The story of the Army family’s love affair with hockey and what it has meant in Rhode Island and beyond starts not with skates and sticks, but with balls and bats.
George Army, born in 1899, was for many years a minor league catcher and first baseman.
According to Baseball Reference, his career started at age 20 with Waterbury of the Eastern League. While he spent most of his time in Class B, he faced some of the greats of his day in exhibition games against barnstorming teams of major league stars.
“He played against (Lou) Gehrig. He played against (Babe) Ruth. He hit against Chief Bender and Lefty Grove,’’ said his grandson, Tim Army.
As George Army’s baseball career wound down in the 1930s, a man he had met along the way, Jean Dubuc, offered him a job as trainer for the Providence Reds of the Canadian-American Hockey League.
Dubuc was a former major league pitcher. After retiring from baseball, Dubuc was general manager and president of the Providence Reds.
“My grandfather said, ‘I don’t know anything about being a trainer.’ Dubuc said, ‘You’ll figure it out, come do it,’’’ said Tim Army, whose resume includes 15 years on NHL coaching staffs.
George Army took the job and moved to Providence from Bridgeport, Conn.
In the decades since then, the Army family has had an outsized influence on hockey in this state, from the youth level all the way to the pros. In recognition of that legacy, George and Tim will be inducted into the Rhode Island Hockey Hall of Fame this summer.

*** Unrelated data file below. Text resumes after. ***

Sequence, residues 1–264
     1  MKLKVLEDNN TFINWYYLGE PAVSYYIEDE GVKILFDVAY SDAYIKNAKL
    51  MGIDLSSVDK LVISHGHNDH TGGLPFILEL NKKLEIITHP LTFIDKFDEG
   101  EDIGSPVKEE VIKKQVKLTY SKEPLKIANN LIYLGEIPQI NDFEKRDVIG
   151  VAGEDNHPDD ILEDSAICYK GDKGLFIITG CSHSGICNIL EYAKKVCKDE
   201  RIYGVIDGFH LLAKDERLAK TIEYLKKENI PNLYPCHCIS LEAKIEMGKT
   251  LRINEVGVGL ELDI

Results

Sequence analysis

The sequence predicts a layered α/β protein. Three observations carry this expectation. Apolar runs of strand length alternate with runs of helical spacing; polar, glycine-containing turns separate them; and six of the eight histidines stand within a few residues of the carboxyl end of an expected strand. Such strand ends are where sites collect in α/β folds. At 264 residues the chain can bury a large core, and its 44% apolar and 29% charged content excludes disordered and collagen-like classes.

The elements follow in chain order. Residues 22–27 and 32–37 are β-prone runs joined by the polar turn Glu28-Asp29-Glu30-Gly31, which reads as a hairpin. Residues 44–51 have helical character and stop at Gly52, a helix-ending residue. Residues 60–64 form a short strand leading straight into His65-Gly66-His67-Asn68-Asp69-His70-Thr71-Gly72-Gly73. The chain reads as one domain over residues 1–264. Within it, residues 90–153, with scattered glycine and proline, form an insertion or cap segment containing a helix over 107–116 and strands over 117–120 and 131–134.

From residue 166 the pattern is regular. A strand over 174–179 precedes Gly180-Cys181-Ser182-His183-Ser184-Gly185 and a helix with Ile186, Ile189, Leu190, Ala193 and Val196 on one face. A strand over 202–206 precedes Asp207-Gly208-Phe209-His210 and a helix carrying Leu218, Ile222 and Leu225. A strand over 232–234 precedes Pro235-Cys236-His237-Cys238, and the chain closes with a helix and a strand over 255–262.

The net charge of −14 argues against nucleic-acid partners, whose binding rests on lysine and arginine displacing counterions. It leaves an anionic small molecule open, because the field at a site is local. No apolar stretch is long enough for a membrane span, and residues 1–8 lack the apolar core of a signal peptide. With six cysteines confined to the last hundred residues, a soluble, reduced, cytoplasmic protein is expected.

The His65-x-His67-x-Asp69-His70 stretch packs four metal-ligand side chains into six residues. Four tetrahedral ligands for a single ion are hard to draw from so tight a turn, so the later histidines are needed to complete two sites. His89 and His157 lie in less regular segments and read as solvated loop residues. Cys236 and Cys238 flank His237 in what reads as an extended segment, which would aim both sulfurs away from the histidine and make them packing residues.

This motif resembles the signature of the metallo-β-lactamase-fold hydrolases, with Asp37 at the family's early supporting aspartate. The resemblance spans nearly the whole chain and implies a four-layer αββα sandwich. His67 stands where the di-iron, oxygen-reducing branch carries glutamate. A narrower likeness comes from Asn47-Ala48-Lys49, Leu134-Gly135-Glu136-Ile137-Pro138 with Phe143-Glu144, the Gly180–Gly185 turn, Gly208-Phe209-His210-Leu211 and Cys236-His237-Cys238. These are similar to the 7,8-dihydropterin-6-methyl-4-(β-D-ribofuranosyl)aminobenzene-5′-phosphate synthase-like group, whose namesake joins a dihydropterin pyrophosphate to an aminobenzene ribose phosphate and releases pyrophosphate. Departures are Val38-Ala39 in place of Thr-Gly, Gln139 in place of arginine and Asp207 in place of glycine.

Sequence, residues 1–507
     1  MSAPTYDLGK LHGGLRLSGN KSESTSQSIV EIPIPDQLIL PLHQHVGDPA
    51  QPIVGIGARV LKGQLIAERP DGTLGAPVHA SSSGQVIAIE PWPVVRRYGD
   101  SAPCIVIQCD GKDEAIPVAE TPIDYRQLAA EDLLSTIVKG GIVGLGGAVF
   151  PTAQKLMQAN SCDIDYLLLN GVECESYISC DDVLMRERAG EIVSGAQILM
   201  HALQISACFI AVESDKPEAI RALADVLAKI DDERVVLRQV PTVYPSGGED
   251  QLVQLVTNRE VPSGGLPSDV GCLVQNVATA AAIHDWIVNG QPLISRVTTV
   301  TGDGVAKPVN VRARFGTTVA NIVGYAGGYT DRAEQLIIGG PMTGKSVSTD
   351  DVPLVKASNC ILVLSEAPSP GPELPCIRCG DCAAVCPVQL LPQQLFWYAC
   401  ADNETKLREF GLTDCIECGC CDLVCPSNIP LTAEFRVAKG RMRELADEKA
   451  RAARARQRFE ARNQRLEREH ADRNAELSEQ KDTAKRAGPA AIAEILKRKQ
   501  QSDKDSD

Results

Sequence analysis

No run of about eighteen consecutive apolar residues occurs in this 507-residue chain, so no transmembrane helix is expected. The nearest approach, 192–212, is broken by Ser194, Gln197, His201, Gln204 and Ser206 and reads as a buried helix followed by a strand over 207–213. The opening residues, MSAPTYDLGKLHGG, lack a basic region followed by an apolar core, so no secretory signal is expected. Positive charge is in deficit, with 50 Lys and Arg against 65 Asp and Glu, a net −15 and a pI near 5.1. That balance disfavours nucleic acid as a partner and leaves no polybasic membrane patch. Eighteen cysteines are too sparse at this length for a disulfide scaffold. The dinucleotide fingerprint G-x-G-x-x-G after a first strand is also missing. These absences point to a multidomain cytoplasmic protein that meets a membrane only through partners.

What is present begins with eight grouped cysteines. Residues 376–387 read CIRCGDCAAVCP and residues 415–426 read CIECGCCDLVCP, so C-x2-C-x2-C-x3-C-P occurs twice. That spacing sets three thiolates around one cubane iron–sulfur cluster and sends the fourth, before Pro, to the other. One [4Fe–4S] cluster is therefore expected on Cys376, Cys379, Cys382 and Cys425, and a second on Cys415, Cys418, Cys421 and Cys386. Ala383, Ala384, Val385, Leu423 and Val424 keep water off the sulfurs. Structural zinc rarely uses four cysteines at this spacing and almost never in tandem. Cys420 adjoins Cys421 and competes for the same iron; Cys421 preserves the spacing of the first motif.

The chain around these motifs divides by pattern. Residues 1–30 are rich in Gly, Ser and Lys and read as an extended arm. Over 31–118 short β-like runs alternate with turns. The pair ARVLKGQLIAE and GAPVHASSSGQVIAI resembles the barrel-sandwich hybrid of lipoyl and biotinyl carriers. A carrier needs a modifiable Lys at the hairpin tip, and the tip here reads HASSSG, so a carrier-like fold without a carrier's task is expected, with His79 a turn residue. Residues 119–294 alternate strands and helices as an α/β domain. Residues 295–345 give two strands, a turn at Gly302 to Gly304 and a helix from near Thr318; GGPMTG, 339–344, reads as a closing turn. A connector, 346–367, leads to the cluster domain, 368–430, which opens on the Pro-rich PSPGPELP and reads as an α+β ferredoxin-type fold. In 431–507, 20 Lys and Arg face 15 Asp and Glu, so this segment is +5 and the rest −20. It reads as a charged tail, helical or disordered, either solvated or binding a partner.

George Army spent three-plus decades with the Reds, sharpening skates, mending equipment and attending to players’ bump and bruises. Legend has it that he learned how to stitch cuts by practicing on oranges that he sliced open. Along the way he mentored Pete Demers and Tom Woodcock, who went on to long careers as NHL trainers.
George, who had never played hockey, steered his son, Tom, toward baseball.
“My grandfather wanted my dad to be a ballplayer,’’ said Tim Army. “My dad was a pitcher and a good pitcher. There was no youth hockey then. My dad was obviously around the Reds all the time and would play pickup (hockey), but there was no organized youth hockey at the time. When he went to La Salle (Academy), it was the first time he played organized hockey and he loved it.
“As my dad played more hockey, he liked hockey more than he did baseball. My dad says to this day that it hurt my grandfather, who really wanted him to be a ballplayer, but he understood.